How is ancient wisdom influencing and advancing modern science to improve public health and happiness? How are scientists being able to tell that stress accelerates the aging process, cutting short the deeply purposeful lives we were meant to live? How can we bring more grace in not just our epic moments but in our everyday moments of stress as well?
Listen to some powerful insights on how to master stress and cultivate more joy in our lives, and how this impacts our present and our future, from renowned health psychologist, Elissa Epel, in an exclusive conversation with Dr. Hitendra Wadhwa on Intersections Podcast.
Elissa Epel is a renowned health psychologist, and an international expert on stress, well-being, and optimal aging. She is a Professor in the Department of Psychiatry & Behavioral Sciences at the University of California, San Francisco, where she is Vice Chair of Psychology and directs the Aging Metabolism Emotions Center. She studies the environmental, psychological, behavioral, and social factors that impact cellular aging (such as telomeres, inflammation, and mitochondria), and how self-care practices such as meditation and positive stress can promote psychological and physiological thriving. She uses science as a north star, guiding us in the context of other sources of contemplative wisdom.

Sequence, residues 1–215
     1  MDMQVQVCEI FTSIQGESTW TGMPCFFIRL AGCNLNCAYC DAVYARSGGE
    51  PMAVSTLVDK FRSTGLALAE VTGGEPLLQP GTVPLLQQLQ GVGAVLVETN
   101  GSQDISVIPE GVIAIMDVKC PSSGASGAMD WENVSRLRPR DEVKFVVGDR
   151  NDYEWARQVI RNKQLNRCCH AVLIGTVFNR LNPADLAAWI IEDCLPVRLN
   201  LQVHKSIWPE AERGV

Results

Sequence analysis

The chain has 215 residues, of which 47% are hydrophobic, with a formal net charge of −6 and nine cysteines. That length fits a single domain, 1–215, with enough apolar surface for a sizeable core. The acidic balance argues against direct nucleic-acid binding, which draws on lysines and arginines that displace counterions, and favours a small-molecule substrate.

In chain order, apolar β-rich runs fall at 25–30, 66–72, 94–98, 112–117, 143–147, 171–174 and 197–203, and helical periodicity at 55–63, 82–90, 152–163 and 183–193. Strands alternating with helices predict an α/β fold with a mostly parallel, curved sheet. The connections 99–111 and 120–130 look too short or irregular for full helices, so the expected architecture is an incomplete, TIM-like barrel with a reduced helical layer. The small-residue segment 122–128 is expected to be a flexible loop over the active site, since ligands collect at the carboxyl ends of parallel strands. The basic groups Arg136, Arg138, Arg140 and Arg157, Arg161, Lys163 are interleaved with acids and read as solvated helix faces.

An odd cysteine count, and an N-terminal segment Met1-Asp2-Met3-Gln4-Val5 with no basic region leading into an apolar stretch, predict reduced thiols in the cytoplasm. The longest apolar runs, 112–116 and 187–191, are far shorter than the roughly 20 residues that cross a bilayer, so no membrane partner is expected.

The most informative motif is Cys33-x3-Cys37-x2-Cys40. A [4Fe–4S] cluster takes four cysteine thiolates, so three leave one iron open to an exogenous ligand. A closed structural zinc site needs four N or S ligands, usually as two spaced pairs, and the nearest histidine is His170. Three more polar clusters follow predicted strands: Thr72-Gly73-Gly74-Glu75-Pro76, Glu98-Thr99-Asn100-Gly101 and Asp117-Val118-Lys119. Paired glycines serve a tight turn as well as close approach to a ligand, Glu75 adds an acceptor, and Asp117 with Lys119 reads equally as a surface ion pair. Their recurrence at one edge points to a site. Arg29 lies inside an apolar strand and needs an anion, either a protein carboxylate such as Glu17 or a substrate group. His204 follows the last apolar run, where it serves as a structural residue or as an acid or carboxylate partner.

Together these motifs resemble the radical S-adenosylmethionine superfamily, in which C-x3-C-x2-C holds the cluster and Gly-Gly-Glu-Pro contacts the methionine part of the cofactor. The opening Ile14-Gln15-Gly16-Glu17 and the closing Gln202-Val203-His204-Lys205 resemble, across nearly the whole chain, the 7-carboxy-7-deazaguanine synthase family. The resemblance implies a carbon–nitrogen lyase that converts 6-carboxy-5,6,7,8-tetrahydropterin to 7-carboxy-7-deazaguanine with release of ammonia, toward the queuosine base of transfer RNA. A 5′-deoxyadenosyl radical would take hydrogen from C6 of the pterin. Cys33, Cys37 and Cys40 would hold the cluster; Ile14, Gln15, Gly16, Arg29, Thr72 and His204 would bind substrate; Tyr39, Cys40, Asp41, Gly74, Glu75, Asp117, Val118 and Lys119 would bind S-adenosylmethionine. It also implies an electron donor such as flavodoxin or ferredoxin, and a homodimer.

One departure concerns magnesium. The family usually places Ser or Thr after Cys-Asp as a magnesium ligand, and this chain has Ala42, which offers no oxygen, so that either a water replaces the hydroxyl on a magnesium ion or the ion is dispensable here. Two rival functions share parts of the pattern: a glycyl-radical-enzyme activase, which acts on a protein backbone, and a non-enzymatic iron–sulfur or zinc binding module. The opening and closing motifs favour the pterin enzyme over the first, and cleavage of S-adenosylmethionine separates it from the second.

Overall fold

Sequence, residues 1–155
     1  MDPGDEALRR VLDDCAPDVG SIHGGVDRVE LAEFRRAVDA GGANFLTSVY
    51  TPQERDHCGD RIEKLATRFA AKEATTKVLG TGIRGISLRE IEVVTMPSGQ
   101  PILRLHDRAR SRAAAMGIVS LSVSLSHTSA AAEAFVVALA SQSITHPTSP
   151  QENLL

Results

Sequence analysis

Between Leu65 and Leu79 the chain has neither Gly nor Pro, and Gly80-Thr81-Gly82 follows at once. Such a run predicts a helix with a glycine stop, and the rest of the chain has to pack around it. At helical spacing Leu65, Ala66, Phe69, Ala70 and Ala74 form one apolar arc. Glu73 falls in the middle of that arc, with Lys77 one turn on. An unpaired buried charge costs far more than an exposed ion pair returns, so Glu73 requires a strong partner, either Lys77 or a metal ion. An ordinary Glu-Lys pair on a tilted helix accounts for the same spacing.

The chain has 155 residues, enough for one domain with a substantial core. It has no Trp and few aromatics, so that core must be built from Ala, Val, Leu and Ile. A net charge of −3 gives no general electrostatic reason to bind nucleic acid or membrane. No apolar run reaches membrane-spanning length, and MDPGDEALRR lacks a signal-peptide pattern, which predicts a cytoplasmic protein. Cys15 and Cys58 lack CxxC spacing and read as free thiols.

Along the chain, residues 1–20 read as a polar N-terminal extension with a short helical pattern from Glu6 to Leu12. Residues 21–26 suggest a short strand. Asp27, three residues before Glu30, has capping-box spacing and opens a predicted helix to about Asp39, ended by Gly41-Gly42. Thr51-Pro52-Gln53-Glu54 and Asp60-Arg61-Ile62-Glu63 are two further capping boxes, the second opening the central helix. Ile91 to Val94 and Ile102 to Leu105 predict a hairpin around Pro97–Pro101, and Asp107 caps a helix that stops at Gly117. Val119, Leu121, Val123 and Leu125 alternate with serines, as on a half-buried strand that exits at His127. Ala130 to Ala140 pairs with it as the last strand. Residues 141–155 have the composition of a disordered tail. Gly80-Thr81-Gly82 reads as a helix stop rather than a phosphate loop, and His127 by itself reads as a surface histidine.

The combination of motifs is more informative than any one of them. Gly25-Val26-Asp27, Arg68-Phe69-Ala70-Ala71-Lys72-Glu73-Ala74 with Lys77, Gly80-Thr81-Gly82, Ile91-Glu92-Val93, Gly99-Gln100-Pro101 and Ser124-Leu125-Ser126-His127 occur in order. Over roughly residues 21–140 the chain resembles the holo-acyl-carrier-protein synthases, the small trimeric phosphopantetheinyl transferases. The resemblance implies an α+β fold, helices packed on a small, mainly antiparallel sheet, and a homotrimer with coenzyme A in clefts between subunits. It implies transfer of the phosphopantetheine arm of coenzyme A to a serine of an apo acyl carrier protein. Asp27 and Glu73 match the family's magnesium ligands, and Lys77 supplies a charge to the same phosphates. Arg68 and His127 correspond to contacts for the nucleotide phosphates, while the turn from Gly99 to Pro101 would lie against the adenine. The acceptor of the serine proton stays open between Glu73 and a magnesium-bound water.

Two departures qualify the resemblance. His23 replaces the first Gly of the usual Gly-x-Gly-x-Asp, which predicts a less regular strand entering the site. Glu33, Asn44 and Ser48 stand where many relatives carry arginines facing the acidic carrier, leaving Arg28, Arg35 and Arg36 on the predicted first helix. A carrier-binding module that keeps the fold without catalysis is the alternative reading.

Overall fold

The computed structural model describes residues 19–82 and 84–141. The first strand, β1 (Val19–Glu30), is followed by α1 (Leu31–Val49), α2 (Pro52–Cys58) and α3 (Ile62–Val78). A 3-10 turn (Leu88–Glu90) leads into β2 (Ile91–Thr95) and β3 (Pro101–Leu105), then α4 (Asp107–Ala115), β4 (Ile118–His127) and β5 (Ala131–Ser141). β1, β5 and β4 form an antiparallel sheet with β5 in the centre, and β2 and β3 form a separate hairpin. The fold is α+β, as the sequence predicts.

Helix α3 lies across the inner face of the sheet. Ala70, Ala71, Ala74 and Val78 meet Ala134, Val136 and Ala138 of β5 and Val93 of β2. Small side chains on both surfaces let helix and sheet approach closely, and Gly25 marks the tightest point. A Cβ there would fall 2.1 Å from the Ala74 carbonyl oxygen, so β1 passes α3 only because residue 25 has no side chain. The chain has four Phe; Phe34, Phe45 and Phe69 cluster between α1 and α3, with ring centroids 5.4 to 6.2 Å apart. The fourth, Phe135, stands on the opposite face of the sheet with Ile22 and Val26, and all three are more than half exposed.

Elissa co-wrote the New York Times best-seller The Telomere Effect with Nobel Laureate Elizabeth Blackburn (translated into 30 languages) and recently also released her new book, The Stress Prescription. Her research has been featured in venues such as TEDMED, 60 minutes, National Public Radio, The New York Times, The Wall Street Journal, and science documentaries.
In this episode, Elissa reveals:
Some fundamental truths about joy, health and happiness, as derived from ancient wisdom and validated by modern science
How chronic stress leads to accelerated aging, impairing our ability to deeply connect with our own selves and the world around us and to live with meaning and purpose
How to be more graceful in not just epic moments of stress, but in everyday moments
The relationship between joy and suffering, and the antidote to chronic stress
The capacity of the human spirit to recalibrate and renew itself in every moment of life